To examine whether the concomitant administration of a gonadotrophin-releasing hormone agonist (GnRHa) during combination chemotherapy to young women with lymphoma may facilitate preservation of gonadal function, a prospective clinical protocol was undertaken in 18 cycling women with lymphoma, aged 15-40 years. Thirteen patients suffered from Hodgkin disease (HD) and 5 from non Hodgkin lymphoma. After informed consent a monthly injection of depot D-TRP6-GnRHa was administered for a maximum of 6 months starting prior to chemotherapy. Most of these patients (15/18) were treated with the MOPP/ABV(D) combination chemotherapy followed by mantle field irradiation in 10 patients. Hormonal profile [luteinizing hormone (LH), follicle stimulating hormone (FSH), oestradiol, testosterone, progesterone, insulin-like growth factor (IGF)-1, prolactin] was taken before the GnRHa/chemotherapy co-treatment, and monthly thereafter until resuming spontaneous ovulation and menses. This group of prospectively treated lymphoma patients was compared to a matched control group of 18 women (aged 17-40 years) who have been treated with chemotherapy, mostly MOPP/ABV (14/18), with (11) or without (7) mantle field radiotherapy. Fourteen had Hodgkin's and four non-Hodgkin's lymphoma. Gonadal function was determined clinically, hormonally (LH, FSH, oestradiol, progesterone), and sonographically. Two of the patients in each group died from refractory disease. Of the remaining 16 patients, 15 (93.7%) resumed spontaneous ovulation and menses within 3-8 months of termination of the combined chemotherapy/GnRHa co-treatment. In contrast, only seven (39%) of the 18 similarly treated patients in the control group (chemotherapy without GnRHa) resumed ovarian cyclic activity (regular menses). The other 11 experienced premature ovarian failure (POF) (61%). Our preliminary data suggest a possible significant protective effect of GnRHa co-treatment with chemotherapy from irreversible ovarian damage (POF).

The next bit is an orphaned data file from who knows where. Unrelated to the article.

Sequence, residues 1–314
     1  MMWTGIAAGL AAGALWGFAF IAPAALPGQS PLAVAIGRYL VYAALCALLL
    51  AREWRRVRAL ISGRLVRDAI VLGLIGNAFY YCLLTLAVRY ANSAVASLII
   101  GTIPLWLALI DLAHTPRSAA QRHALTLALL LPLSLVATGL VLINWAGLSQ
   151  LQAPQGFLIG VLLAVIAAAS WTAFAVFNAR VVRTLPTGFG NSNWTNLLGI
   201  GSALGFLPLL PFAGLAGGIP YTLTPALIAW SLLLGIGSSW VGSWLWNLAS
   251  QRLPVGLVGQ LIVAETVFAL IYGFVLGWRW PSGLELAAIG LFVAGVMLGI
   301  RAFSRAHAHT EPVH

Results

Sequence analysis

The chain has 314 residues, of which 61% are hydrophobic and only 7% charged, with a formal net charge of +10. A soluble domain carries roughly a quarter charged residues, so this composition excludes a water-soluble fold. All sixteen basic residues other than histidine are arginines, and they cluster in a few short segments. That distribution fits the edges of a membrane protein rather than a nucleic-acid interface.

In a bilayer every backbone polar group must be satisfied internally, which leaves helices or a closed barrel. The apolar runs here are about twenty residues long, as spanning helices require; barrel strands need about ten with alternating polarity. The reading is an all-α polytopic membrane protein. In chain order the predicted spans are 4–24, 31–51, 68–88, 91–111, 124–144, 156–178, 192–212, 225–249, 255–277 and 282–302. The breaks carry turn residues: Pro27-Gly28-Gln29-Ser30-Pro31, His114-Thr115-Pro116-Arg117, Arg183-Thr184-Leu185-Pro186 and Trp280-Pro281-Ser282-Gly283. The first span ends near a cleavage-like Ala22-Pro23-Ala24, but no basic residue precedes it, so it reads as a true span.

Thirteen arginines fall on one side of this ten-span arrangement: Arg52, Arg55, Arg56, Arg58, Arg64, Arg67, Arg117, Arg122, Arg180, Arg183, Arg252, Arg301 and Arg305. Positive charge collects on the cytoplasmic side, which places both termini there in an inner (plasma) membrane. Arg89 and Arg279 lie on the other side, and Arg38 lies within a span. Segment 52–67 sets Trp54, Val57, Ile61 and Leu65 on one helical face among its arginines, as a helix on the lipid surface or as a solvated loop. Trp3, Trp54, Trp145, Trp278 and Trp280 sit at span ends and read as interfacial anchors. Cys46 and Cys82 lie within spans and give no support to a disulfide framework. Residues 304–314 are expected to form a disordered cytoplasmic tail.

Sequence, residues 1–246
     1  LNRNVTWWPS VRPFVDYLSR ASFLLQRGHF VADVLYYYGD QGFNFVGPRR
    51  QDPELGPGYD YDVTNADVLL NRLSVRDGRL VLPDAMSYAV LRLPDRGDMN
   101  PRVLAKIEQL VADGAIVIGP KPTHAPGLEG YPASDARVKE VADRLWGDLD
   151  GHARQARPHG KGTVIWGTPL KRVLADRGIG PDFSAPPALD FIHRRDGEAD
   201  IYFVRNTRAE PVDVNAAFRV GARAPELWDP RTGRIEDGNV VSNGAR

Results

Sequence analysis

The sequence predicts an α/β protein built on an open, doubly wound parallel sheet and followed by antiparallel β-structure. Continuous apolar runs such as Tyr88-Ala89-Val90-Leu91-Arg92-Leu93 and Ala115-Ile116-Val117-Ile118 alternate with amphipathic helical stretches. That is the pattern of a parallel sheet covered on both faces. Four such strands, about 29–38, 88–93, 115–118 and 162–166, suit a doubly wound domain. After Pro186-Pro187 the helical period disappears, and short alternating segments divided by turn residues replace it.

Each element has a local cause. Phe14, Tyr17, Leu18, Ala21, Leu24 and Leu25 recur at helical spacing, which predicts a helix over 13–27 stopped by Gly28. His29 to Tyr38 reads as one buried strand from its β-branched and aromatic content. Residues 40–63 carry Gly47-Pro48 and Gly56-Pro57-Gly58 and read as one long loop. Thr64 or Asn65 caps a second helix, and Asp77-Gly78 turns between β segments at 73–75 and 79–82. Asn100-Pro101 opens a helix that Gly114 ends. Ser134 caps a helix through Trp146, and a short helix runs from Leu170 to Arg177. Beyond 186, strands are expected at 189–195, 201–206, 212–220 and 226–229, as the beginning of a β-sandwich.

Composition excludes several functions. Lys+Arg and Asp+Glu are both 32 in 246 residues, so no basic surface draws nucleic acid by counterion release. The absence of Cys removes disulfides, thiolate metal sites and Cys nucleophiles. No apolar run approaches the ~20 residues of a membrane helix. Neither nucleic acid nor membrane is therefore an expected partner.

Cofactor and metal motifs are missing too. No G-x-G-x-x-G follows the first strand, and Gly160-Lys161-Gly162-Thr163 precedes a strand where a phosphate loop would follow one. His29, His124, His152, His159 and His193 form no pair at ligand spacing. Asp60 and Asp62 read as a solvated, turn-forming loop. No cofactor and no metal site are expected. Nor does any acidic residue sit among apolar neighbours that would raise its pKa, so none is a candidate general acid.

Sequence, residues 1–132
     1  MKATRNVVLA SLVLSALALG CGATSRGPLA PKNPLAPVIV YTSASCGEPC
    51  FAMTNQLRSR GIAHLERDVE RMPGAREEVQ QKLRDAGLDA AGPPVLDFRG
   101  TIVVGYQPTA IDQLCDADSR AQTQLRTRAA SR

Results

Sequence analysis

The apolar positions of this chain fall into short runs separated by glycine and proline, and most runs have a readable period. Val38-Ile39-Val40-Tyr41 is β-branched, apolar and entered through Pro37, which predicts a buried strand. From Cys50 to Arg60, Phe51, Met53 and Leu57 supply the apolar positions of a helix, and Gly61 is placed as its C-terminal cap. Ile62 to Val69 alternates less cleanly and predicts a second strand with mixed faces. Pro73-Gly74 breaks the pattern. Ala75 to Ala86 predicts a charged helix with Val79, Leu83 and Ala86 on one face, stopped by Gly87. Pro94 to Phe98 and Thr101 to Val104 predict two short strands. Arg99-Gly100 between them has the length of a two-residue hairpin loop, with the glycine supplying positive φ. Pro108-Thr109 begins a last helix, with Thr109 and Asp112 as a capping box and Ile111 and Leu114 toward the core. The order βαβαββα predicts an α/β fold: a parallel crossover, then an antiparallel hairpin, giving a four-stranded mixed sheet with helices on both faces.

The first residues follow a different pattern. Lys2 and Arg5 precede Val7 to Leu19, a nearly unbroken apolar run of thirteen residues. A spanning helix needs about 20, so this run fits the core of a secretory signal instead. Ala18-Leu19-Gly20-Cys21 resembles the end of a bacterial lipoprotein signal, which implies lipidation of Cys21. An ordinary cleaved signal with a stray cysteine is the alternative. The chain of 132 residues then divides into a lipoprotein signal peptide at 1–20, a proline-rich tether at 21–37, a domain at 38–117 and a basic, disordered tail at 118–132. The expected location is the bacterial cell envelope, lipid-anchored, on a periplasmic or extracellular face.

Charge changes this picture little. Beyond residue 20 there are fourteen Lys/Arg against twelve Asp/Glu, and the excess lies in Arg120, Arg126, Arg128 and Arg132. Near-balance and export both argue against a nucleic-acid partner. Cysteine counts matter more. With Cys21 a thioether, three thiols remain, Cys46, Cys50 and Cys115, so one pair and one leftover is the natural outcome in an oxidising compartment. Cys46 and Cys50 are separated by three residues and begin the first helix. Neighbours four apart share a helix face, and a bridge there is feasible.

|Number of pages||7|
|State||Published - Aug 1996|
- Premature ovarian failure (POF)